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In Council News, Derek Green, Helen Gym, Katherine Gilmore Richardson, Kendra Brooks, Mark Squilla, News by PHL Council

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PHILADELPHIA, September 22, 2021 – Today, several City Councilmembers banded together once again, issuing a joint statement following Friday’s breaking news of excessive mold growth inside Frankford High School, and the refusal of School District officials to allow PFTHW Director of Environmental Science, Jerry Roseman, to investigate:

“The news of this appalling discovery of rapidly growing mold inside Frankford High School – breaking as we held a press conference announcing legislation I introduced, to upgrade requirements for inspection standards for asbestos and mold in school buildings – is nothing short of infuriating,” said Councilmember Derek Green (At-Large). “To see photos of musical instruments and equipment, furniture covered in mold is horrifying to say the least. What’s more troubling is knowing that Jerry Roseman was denied access to the building to properly assess the situation, which speaks volumes and further drives home the point that there is absolutely no transparency from the School District.”

In addition to Councilmember Green’s bill that was introduced on Friday, Councilmember Helen Gym (At-Large) introduced her own resolution calling for joint hearings of the Committees on Children and Youth and Finance to look at a plan for funding a comprehensive remediation and modernization of the City’s school facilities.

“With this bill, Council is asserting our responsibility to determine what oversight must look like, and legislating it into action,” Gym said. “There is no question that this is long overdue and the lack of transparency at Frankford High underscores the urgent need for these reforms. District families need to know that there is an entity holding the district accountable to safe construction and the completion of major projects that impact the health and well-being of our students and staff.”

 Additional Councilmembers also expressed concern and emphasized the urgent need for action, accountability, and transparency.

“This is yet another example of the District’s failure to be transparent about the state of our schools and accountable to our communities. The District has an obligation to allow PFT leaders like Jerry Roseman to do their jobs. Families need to feel reassured that their kids are attending safe schools, and students need to feel like their well-being is being prioritized,” says Councilmember Kendra Brooks (At-Large). “This pattern of behavior by the District demonstrates that neither is happening and it’s time they did better. To mend the broken trust between families and District leadership, it is essential that the District take concrete steps toward incorporating parent voices into decision-making, providing clear information on the status of facility improvements, and giving students and staff the tools they need to succeed.”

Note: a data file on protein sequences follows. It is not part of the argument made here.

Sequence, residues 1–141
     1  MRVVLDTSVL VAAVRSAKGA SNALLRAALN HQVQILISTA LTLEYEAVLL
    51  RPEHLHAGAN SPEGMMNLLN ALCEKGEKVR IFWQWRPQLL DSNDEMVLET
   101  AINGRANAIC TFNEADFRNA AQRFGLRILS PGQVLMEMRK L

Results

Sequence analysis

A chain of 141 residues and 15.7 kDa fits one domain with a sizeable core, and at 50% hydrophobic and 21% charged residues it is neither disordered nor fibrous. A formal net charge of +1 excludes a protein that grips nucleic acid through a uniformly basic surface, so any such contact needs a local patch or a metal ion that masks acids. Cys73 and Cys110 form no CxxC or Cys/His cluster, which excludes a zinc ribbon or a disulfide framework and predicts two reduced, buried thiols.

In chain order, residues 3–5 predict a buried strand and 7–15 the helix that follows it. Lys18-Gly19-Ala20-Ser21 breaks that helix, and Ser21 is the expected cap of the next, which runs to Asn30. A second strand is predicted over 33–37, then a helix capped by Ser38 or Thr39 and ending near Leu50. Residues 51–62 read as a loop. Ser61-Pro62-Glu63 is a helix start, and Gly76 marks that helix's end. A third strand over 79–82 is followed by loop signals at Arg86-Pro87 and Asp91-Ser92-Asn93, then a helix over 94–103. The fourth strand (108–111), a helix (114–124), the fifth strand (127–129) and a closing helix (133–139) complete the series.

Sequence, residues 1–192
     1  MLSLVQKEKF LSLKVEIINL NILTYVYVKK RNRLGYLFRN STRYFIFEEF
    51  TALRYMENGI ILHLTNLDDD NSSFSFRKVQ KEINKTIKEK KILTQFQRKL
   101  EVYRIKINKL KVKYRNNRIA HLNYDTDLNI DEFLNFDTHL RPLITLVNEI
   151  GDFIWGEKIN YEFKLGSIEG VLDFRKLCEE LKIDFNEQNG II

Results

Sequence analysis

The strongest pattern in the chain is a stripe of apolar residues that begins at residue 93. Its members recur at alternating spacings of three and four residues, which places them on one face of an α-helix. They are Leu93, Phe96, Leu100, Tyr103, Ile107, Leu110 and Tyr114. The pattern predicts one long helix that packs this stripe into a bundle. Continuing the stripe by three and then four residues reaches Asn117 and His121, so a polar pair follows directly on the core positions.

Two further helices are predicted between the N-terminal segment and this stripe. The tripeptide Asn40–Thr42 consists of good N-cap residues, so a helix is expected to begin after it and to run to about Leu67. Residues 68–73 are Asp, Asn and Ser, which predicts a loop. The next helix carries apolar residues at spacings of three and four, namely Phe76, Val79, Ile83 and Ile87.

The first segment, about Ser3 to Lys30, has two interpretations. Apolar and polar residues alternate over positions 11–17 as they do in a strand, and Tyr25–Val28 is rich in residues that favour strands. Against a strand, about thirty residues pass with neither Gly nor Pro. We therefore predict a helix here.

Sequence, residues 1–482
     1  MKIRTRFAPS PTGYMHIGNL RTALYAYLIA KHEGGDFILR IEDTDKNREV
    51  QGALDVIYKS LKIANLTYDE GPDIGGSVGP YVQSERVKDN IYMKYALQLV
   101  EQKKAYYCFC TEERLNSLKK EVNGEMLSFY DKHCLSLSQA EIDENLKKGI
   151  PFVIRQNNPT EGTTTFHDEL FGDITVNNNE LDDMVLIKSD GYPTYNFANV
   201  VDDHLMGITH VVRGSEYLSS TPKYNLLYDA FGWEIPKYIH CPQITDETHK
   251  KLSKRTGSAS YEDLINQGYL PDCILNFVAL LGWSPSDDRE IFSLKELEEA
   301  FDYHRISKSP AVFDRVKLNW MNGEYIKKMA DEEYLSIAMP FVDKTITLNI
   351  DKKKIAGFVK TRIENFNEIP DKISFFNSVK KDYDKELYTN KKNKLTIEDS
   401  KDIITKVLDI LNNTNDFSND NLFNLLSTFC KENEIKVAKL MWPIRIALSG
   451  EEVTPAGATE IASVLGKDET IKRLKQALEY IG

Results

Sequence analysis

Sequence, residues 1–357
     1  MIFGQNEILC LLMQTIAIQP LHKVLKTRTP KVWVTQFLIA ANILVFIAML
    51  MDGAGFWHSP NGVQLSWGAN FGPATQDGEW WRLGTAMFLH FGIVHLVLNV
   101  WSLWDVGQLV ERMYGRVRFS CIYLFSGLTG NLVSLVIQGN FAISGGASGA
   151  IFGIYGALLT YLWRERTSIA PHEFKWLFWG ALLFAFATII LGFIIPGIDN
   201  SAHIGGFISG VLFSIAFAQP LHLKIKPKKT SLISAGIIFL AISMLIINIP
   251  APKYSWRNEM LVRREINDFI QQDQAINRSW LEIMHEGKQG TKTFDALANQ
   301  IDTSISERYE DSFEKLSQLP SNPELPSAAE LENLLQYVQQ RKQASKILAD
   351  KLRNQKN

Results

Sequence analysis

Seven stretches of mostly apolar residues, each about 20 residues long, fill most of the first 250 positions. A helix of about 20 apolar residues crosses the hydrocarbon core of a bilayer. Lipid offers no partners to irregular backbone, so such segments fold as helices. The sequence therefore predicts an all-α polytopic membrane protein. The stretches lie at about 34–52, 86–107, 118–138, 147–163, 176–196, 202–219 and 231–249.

“The District’s refusal to let Mr. Roseman into Frankford High is abhorrent. Educators, staff, students, and parents deserve transparency and accountability from the district. It is the only way we will build trust and ensure that everyone entering our school buildings is safe. As a school district graduate and now parent of district students, these actions from the district are completely unacceptable and cannot be tolerated,” said Councilmember Katherine Gilmore Richardson (At-Large).

 Councilmember Mark Squilla (1st District) added, “The right of all our children, school faculty and teachers to have access to a safe learning environment within Philadelphia schools is fundamental and I support every endeavor that will help to ensure we achieve that.”


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